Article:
All You Need is Kill by Hiroshi Sakurazaka


It has been over a month since my last post and I have read a few books since Life After Life by Kate Atkinson – one being All You Need is Kill by Hiroshi Sakurazaka, a Japanese science-fiction novel set in a futurist war against alien Mimics. The novel follows Keiji Kiriya as he enters battle against the Mimics. The book was adapted for the big screen in 2014 as Edge of Tomorrow starring Tom Cruise – it was after seeing this film that I bought the book to read.

This book is not something that I would normally read as I am not a big sci-fi reader (although I enjoy sci-fi films a lot), but there was something about the film that really grabbed my attention and I wanted to know more. I think that the title of the novel was part of this intrigue – All You Need is Kill is very striking.

 I also really enjoyed the film; the cross between Groundhog Day and Starship Troopers was very entertaining.

All You Need is Kill opens with Kiriya being dropped in to his first battle as a frontline infantryman against an alien race known as Mimics. The Mimics are extremely fast and dangerous, and despite being well armed and wearing a specially designed exoskeleton suit to allow humans to be stronger and wield greater weaponry, Kiriya is swiftly killed. Kiriya then wakes up the day before the battle and starts thinking that he has had an extremely vivid dream. Before long he discovers that he is actually caught in a time loop, and just like Groundhog Day, he lives the same time period over and over. Kiriya takes on the same battle time and time again, becoming increasingly well equipped to battle the Mimics in an attempt to defeat them. During his time throughout the loop he meets a woman who has previously been caught in a time loop; the pair then team up in battle and look for the way that Kiriya can escape.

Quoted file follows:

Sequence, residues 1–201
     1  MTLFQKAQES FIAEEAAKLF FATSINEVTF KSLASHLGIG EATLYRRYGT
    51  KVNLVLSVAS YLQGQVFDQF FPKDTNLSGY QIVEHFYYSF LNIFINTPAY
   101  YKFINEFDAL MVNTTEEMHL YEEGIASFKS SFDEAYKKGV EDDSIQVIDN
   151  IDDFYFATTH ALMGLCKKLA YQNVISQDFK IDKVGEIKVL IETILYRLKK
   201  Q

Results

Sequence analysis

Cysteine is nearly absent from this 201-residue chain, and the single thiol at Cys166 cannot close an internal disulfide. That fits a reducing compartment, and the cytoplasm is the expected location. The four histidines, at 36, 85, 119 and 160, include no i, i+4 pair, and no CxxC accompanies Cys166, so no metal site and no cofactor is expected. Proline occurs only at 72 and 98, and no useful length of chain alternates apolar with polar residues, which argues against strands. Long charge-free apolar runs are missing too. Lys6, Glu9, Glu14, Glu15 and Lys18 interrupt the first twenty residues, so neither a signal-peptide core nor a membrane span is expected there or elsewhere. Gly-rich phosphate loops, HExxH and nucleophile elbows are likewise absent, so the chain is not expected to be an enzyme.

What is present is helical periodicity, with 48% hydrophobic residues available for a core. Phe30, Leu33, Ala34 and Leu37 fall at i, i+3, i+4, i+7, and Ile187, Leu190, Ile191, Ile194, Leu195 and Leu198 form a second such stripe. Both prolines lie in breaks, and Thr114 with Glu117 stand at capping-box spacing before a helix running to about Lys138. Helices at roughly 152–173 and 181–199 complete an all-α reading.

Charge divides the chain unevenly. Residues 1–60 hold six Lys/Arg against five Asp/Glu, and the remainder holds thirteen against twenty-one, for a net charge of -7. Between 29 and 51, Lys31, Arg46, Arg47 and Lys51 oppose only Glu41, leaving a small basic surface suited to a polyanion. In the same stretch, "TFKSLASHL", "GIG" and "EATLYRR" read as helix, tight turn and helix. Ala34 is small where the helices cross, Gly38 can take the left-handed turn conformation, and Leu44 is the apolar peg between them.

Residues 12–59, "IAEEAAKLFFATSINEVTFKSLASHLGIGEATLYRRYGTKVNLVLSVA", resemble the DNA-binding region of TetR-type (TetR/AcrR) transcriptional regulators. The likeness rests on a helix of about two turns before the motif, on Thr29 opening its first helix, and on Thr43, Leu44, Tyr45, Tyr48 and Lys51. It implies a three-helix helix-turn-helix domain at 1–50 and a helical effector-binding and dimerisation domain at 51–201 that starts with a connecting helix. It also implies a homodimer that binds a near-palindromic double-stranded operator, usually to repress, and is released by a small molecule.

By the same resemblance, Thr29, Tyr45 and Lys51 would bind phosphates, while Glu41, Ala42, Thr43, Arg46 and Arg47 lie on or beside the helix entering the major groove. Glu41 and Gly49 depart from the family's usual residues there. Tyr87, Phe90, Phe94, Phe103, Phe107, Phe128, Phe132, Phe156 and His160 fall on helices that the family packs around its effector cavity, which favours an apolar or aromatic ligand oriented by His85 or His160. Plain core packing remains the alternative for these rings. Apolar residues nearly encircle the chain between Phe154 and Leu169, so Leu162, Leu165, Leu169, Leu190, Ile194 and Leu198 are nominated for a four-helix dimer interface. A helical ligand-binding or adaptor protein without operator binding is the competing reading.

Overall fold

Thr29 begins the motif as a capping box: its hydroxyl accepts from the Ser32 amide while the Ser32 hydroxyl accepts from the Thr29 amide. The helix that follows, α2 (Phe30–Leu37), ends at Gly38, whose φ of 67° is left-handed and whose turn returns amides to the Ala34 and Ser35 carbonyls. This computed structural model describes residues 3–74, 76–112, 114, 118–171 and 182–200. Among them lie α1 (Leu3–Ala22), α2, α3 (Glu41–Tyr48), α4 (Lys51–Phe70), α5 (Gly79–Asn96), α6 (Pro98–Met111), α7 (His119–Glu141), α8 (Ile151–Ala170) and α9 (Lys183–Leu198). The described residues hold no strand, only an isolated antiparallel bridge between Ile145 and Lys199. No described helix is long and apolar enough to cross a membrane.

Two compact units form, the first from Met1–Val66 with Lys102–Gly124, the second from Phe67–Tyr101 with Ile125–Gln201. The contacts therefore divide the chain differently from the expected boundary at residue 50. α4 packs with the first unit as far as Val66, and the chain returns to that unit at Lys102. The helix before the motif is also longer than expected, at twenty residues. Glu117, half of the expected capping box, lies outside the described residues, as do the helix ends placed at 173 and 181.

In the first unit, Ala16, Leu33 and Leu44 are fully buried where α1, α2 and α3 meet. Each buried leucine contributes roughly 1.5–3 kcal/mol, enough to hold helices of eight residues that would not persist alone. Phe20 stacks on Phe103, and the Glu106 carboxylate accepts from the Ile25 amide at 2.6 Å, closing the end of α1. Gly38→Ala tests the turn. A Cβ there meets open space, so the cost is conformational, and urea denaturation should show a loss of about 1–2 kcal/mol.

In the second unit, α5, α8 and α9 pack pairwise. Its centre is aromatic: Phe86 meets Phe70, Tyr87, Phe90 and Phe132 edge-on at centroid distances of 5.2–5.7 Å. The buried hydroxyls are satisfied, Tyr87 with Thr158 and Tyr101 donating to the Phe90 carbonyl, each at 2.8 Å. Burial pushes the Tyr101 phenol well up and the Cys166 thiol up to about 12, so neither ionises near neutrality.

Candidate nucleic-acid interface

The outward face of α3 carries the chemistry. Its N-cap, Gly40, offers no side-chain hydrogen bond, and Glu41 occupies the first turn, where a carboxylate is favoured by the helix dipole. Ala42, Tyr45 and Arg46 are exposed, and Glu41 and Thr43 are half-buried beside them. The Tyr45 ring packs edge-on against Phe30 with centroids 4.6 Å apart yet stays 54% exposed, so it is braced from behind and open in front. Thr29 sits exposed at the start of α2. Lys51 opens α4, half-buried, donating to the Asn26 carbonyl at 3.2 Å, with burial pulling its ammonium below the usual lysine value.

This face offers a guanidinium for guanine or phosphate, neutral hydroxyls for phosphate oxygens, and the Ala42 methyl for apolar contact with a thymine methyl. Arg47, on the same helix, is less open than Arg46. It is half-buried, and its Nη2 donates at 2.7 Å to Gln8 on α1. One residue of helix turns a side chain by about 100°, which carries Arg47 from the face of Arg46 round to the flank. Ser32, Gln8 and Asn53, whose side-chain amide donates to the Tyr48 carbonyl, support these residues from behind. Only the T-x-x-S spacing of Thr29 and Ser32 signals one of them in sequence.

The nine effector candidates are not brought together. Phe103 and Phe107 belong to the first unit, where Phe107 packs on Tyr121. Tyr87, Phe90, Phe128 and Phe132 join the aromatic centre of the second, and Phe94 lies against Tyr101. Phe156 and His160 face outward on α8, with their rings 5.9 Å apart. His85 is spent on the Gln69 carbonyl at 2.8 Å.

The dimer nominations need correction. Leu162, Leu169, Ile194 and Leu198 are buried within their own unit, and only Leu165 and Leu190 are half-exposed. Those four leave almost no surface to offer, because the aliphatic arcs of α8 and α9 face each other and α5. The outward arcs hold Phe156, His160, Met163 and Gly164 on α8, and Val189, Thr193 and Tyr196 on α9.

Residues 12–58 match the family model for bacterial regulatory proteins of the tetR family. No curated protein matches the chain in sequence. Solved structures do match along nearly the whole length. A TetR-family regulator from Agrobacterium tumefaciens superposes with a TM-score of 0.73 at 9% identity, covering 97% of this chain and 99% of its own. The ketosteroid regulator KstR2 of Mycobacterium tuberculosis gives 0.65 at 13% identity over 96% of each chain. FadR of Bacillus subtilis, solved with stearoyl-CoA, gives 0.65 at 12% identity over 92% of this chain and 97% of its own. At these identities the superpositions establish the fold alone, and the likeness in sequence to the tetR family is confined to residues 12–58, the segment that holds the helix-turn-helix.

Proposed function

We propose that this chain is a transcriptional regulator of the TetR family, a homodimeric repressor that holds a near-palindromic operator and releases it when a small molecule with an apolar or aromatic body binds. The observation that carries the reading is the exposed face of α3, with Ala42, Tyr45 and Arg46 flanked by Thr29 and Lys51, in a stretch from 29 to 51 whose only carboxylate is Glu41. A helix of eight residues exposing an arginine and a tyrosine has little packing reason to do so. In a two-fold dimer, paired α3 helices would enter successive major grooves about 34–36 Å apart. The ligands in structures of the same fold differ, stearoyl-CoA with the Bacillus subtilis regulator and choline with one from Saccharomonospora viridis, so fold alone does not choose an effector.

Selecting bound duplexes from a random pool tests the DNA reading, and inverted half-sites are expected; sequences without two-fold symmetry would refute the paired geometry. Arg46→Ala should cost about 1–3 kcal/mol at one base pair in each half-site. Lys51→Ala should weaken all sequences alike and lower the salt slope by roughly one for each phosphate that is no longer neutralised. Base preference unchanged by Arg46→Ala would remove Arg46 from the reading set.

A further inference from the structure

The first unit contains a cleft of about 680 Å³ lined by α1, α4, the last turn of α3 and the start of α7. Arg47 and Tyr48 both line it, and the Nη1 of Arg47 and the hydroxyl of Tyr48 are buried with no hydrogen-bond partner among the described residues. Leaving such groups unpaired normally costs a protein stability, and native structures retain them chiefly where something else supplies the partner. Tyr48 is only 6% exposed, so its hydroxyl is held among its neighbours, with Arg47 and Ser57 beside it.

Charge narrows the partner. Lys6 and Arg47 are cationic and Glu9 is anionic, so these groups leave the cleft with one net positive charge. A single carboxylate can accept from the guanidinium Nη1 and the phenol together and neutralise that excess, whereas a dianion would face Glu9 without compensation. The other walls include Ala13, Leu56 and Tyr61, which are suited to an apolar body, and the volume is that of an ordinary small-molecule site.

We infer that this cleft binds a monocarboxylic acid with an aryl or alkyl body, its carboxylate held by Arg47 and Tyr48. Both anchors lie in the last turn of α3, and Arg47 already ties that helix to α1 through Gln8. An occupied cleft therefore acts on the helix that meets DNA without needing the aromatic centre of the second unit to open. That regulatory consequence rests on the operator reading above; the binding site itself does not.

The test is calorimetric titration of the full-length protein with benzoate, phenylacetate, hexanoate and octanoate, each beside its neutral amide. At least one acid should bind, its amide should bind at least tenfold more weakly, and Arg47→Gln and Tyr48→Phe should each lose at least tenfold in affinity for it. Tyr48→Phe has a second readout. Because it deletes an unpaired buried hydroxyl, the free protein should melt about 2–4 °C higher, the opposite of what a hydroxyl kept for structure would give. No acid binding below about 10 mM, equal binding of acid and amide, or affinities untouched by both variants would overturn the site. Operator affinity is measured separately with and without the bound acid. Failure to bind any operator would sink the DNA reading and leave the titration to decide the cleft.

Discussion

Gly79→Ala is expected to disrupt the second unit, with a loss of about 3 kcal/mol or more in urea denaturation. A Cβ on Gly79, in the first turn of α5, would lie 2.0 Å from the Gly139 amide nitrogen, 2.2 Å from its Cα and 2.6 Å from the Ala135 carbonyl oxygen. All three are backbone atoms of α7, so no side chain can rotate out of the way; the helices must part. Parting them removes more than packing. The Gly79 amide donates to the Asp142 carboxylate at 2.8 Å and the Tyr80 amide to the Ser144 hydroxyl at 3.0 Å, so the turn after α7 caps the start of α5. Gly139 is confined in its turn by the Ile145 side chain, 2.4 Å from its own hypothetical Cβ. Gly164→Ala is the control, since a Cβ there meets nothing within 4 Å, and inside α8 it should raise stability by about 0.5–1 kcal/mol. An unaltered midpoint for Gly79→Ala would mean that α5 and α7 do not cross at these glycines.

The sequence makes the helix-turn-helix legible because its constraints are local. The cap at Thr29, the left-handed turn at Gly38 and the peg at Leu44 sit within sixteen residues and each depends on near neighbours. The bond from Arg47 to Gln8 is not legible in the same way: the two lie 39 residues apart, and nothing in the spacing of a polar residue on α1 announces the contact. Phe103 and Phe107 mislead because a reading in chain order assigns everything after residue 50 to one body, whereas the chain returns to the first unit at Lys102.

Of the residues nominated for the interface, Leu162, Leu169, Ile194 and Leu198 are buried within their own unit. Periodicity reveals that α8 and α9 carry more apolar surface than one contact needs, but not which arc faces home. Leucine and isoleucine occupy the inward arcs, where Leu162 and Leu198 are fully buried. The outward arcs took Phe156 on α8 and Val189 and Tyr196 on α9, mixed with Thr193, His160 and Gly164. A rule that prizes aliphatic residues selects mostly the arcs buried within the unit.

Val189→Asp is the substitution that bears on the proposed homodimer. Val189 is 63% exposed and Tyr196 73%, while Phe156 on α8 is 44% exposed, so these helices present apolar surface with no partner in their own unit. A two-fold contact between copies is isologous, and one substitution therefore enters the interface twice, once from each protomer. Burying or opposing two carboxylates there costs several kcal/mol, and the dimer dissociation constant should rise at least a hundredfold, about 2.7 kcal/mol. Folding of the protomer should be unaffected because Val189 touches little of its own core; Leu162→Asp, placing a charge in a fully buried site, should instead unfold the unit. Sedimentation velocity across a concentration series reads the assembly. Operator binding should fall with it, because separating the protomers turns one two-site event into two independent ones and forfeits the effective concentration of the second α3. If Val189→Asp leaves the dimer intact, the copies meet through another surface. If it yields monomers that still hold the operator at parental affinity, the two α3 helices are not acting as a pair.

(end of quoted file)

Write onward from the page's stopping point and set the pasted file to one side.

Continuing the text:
I very much enjoyed All You Need is Kill, the characters are interesting, the story (despite the premise) is not repetitive, and it is filled with action sequences that are well written and do not lose the reader’s attention. Although it is a sci-fi novel, it is more an action/war novel with some sci-fi elements. I liked that Sakurazaka gave an explanation for the time loop, I liked the detail the author gave to the timeline of the book, and I liked how the reader is ‘dropped’ into a loop so that the story did not need to be repeated. The author also manages the battle sequences well; they give a clear sense of exactly what is happening without losing the random, frenetic nature of battle. I could picture quite easily what Kiriya was doing and when, without getting lost within the text. A lot of this book is set within the battle, it was very important that the author got this bit right. Aside from the war, the book builds the periphery characters well, the reader develops a relationship with Kiriya’s colleagues and friends so that you care about them too. The Company’s build up to being dropped in to battle is mainly regimented, but also intense and sometimes emotional.

I would recommend this book to others; it is fairly short (230 pages) and an easy read. I don’t think you need to be a sci-fi fan to enjoy this book… but it probably helps.


If you have read All You Need is Kill you may like:

  • Legend by David Gemmell
  • Starship Troopers by Robert A Heinlein (I’ve not read this but it is meant to be very good)
  • The Rats by James Herbert

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